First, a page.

Nocturne Doug Tanoury Poetry

by Doug Tanoury

Published in Issue No. 11 ~ April, 1998

In the early hours of the morning,

At 2:30 and sometimes after,

I would hear my father,

Unable to sleep, couching,

His footsteps moving about,

As he transformed the kitchen

Into a concert hall,

With refrigerator doors closing loudly.

Jars could be heard opening.

Their vacuum seals hissing,

Lids rolling, spiraling and strumming

Across table or countertop,

The sound of him rummaging

Through the silver for knife, fork

Or spoon, and the glupp-glupp of him

Pouring a soda, the fizzle of it

In the glass.


Some nights now I wake up

At 2:30 or sometime after,

Unable to sleep.

In the summer, I sit out

In the quiet on the front porch step,

In winter, in the darkened living room

At the rolltop desk, but always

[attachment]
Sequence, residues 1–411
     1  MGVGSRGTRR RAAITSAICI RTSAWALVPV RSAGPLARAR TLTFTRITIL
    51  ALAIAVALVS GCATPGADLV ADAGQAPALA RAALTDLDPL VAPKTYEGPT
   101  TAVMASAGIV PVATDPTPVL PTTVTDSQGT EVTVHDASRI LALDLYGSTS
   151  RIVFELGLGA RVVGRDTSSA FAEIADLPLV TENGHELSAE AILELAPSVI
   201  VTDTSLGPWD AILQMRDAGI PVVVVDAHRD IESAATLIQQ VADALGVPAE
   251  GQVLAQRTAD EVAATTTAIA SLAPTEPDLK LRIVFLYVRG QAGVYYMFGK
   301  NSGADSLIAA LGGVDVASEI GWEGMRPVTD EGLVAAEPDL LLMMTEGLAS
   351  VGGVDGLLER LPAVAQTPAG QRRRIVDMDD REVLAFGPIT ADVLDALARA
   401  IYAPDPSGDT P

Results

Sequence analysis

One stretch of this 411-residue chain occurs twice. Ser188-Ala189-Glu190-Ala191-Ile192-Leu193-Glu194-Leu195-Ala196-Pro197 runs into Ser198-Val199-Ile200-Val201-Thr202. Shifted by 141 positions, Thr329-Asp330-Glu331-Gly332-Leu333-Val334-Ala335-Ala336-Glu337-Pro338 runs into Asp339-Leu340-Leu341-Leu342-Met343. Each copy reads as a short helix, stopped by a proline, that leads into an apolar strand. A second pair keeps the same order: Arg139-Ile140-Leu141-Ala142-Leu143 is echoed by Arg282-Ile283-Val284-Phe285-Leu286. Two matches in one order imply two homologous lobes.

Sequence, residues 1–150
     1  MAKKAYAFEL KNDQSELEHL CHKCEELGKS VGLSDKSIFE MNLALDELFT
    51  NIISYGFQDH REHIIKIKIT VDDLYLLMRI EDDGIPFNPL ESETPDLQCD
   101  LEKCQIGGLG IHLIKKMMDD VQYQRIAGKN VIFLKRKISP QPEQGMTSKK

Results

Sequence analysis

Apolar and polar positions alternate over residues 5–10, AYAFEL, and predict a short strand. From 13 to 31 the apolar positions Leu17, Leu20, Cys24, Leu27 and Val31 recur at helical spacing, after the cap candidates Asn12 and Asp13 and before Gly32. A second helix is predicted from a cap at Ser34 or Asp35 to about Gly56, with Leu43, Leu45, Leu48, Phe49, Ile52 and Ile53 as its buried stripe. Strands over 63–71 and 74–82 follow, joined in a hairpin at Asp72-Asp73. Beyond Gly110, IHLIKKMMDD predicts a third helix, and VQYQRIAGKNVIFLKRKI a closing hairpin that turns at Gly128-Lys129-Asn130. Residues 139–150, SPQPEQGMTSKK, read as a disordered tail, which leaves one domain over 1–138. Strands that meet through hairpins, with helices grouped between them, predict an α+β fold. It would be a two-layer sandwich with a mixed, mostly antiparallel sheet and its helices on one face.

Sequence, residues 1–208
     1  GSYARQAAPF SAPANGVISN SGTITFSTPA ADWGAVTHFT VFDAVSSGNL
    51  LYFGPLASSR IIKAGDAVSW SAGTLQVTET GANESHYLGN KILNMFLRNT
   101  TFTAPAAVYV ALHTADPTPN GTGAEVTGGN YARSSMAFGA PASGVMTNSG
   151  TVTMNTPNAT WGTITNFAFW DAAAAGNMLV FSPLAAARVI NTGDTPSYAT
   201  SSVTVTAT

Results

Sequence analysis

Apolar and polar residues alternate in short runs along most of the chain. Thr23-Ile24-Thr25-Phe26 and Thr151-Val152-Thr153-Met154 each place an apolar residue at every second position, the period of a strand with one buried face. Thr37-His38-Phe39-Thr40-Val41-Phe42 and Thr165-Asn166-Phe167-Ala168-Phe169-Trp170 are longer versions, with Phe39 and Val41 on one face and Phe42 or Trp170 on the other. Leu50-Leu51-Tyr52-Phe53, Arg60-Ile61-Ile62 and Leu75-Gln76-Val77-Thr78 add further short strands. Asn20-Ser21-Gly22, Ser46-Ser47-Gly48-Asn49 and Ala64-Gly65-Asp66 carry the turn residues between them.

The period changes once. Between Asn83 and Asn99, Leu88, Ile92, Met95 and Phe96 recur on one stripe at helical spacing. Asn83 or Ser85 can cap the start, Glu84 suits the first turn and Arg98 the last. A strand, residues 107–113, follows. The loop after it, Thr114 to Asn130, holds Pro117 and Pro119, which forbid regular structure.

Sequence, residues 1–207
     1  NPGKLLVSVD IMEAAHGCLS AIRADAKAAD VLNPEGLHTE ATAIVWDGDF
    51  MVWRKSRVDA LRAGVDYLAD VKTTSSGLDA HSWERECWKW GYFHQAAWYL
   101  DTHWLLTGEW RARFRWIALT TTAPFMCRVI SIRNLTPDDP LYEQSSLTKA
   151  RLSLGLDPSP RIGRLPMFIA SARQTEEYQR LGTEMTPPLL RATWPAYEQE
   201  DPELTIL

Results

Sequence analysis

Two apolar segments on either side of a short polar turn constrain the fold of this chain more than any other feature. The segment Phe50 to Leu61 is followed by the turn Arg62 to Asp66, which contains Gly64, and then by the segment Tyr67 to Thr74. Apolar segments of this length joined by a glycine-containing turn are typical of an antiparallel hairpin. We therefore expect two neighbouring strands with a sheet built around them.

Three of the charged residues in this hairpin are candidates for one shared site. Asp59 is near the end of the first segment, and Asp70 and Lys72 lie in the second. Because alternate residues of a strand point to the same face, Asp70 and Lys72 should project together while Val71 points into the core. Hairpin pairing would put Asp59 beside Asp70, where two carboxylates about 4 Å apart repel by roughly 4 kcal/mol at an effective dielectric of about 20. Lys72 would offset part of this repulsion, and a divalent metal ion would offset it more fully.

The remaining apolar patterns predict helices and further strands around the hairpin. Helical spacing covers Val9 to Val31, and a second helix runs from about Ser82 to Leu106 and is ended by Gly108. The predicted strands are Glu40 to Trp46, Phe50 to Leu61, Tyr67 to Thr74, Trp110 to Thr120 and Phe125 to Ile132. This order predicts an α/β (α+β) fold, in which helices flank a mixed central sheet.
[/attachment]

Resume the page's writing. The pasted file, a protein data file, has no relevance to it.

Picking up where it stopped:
Avoiding the kitchen.

Indeed, I tiptoe through it, for the

Silence there has grown

Into a monument to him,

And I fear that if I click the

Glass of the pimento olive

And the sweet pickle jars

It will disturb his peace,

And any slight rattle of silverware

Will conjure his spirit.

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Doug Tanoury grew up in Detroit and still lives in the area with his wife and three children. He's been published in Writer's Digest, Ego Flights Alura Quarterly and A Year On The Avenue (Two Dog Press). His online credits include: The Pittsburgh Quarterly, Eclectica, Recursive Angel, The Free Zone and others. The greatest influence on Doug and his work was the 7th grade poetry anthology used in Sister Debra's English class: Reflections On A Gift Of Watermelon Pickle And Other Modern Verse, Stephen Dunning, Edward Lueders and Hugh Smith, © 1966 by Scott Foresman & Company.